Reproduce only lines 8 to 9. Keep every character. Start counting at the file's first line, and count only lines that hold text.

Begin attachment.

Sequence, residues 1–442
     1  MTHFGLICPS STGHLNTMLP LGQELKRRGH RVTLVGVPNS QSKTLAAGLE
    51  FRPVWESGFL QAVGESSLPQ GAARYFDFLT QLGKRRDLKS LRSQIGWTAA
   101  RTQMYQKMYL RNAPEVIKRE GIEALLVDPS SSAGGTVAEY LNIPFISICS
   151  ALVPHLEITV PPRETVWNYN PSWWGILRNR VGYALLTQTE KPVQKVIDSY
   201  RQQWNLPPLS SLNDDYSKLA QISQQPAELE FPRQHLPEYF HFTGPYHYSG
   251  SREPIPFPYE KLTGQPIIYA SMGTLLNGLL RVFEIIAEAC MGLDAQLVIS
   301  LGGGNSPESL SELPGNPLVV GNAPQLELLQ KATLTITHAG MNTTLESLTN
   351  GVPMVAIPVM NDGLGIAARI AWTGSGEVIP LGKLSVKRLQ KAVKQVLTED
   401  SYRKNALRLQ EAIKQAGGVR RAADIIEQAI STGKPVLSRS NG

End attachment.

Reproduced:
   301  LGGGNSPESL SELPGNPLVV GNAPQLELLQ KATLTITHAG MNTTLESLTN
   351  GVPMVAIPVM NDGLGIAARI AWTGSGEVIP LGKLSVKRLQ KAVKQVLTED